How to Clean a Canteen Water Bottle

How to Clean a Canteen Water BottleCanteen water bottles are a trendy piece of equipment that can be both light and durable. This is a perfect combination for hikers, who want to minimize the amount of weight they're carrying. Nicer canteen bottles even help regulate temperature inside the canteen, keeping your water colder for longer. The downside to these bottles is that they're often too long and narrow to be properly cleaned in a dishwasher. Since the water jets inside your washer can't easily get inside, you have to handwash these bottles to get them as clean as possible.
 

Instructions

Difficulty: Moderately Easy

Things You’ll Need:
  • Hot water
  • Soap
  • Bottle brush
 
Step 1
Remove the cap from the bottle. Empty out any remaining fluid.
Step 2
Fill the canteen with hot water and a few spoonfuls of soap. Place the cap back on the bottle, and shake the canteen vigorously to agitate the soap. Continue shaking for 20 to 30 seconds.
Step 3
Empty out the soapy contents. Do not rinse.
Step 4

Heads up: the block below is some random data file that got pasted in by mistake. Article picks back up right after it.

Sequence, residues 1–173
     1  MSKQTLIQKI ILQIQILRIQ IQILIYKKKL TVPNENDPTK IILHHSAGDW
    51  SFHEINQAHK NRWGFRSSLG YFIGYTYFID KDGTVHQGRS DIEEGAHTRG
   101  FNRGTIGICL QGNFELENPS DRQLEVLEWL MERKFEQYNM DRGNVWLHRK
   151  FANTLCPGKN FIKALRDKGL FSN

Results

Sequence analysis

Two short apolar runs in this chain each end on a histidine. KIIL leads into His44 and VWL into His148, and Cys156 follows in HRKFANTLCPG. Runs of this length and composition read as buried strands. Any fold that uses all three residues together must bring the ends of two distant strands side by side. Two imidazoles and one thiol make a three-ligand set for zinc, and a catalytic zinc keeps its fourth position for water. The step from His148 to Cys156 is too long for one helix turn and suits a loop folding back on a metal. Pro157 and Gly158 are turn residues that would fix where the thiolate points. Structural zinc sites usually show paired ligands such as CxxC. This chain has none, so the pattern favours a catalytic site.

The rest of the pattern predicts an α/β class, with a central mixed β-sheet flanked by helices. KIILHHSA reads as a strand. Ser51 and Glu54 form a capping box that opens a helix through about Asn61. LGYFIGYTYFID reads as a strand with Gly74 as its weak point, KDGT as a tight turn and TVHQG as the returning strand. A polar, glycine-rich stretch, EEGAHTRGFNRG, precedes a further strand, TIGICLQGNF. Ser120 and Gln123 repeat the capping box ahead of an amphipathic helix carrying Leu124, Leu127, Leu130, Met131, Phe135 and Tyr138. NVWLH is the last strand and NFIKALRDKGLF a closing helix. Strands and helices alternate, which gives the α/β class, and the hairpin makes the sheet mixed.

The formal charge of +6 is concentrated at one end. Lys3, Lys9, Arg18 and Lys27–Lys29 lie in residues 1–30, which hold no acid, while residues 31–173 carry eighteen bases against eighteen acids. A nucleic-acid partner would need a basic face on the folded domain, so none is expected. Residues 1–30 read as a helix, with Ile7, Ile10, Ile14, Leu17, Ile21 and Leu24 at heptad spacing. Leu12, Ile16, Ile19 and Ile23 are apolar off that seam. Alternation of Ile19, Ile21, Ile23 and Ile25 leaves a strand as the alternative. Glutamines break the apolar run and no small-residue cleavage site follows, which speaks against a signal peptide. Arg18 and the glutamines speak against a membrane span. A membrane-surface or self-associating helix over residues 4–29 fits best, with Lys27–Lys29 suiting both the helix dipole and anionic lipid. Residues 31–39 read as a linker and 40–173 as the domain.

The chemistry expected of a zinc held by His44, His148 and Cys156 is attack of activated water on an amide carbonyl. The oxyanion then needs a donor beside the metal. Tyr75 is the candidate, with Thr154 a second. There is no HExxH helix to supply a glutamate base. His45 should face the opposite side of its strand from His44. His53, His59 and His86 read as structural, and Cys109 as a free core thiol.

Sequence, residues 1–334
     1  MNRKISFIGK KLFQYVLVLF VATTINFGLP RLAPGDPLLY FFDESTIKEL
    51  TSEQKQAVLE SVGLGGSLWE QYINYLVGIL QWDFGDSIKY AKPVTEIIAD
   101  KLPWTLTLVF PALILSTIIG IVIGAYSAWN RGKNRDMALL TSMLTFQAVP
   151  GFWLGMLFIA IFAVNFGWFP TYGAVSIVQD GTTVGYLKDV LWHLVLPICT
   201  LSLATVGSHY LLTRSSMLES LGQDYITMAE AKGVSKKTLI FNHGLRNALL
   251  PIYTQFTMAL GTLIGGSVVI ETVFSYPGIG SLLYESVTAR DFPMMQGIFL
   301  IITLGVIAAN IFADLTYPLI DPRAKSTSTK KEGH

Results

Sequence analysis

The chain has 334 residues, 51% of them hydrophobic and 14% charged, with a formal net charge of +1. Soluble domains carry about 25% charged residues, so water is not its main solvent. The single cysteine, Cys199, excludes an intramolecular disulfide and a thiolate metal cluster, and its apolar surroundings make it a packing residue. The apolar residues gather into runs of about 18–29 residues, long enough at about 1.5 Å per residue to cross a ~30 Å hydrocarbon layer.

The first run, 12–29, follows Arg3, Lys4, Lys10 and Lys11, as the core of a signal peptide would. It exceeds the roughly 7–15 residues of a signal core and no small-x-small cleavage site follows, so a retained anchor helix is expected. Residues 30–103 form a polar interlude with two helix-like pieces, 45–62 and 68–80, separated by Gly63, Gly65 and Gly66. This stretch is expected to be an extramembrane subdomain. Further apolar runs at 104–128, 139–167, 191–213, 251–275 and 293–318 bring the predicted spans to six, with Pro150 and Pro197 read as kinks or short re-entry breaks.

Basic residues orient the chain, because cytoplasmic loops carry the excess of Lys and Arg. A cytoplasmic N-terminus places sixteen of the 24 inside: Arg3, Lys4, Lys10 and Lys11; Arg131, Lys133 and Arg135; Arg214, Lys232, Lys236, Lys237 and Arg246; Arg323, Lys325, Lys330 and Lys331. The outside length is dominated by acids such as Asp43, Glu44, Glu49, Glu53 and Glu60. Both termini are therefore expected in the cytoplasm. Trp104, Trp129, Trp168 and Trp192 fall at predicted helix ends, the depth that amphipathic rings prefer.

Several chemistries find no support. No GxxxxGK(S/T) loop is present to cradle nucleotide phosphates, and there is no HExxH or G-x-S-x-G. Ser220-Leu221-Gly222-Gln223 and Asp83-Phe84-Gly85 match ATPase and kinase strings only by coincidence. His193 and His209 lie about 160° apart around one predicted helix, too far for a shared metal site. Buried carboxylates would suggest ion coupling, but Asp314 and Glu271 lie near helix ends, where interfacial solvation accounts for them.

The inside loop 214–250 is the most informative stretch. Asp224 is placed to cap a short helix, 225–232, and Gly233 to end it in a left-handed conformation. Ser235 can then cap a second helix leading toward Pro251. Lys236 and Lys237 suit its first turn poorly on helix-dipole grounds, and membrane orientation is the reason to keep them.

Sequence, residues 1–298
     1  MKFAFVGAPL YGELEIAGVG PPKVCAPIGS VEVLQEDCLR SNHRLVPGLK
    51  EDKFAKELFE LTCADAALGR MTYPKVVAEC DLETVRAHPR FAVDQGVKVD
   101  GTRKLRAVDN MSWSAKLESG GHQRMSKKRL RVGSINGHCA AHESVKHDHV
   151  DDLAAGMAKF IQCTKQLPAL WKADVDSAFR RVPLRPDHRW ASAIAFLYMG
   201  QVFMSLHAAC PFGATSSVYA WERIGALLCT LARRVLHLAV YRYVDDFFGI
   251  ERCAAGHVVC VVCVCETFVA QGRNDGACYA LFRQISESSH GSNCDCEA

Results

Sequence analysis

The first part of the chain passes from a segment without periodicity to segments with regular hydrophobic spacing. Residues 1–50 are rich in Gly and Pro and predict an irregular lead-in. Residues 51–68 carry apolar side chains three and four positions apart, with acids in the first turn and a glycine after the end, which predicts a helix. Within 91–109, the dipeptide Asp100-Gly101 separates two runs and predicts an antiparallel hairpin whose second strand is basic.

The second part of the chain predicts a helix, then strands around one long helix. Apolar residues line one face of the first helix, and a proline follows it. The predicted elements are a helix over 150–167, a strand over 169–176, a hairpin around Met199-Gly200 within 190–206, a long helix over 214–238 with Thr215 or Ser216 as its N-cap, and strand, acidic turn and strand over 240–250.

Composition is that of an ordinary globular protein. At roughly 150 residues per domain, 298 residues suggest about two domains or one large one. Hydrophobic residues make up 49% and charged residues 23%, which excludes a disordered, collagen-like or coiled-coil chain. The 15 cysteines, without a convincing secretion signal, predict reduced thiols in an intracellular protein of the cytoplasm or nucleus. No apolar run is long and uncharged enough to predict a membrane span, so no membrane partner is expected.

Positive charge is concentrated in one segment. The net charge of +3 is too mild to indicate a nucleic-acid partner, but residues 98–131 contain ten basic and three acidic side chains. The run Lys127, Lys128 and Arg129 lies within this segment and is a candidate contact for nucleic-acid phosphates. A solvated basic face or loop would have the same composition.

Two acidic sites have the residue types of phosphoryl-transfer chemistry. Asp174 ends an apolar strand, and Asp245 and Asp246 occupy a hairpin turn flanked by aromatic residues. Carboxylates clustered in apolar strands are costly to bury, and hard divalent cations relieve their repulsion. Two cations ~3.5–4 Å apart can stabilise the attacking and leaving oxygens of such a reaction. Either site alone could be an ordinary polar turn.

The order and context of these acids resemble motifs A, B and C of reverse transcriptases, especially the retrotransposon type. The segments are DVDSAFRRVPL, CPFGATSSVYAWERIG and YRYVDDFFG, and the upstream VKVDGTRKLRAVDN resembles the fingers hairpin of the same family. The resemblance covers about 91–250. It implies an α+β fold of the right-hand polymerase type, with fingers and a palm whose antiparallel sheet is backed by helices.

Use a bottle brush to scrub the interior of the bottle, including the inside neck of the bottle, and then proceed to cleaning the exterior of the bottle.
Step 5
Thoroughly rinse the bottle. You should partially fill the bottle with water and swish it around vigorously to clean out the soap. You may need to do this three to five times until suds stop coming out.
Step 6
Handwash the cap with soap, scrubbing it with a bottle brush and then rinsing it thoroughly.
Step 7
Place the canteen bottle upside down on a dish rack or right side up on a paper towel to air dry. Set the cap alongside it.
 

Tips & Warnings

 
Washing your hands frequently, particularly after going to the bathroom and before handling your water bottle, will make the bottle and its contents cleaner and prevent bacteria from entering it.
 
To keep your water clean and safe, wash your bottle every day.

Article Written By Jonathan Croswell

Jonathan Croswell has spent more than five years writing and editing for a number of newspapers and online publications, including the "Omaha World-Herald" and "New York Newsday." Croswell received a Bachelor of Arts degree in English from the University of Nebraska and is currently pursuing a Master's of Health and Exercise Science at Portland State University.

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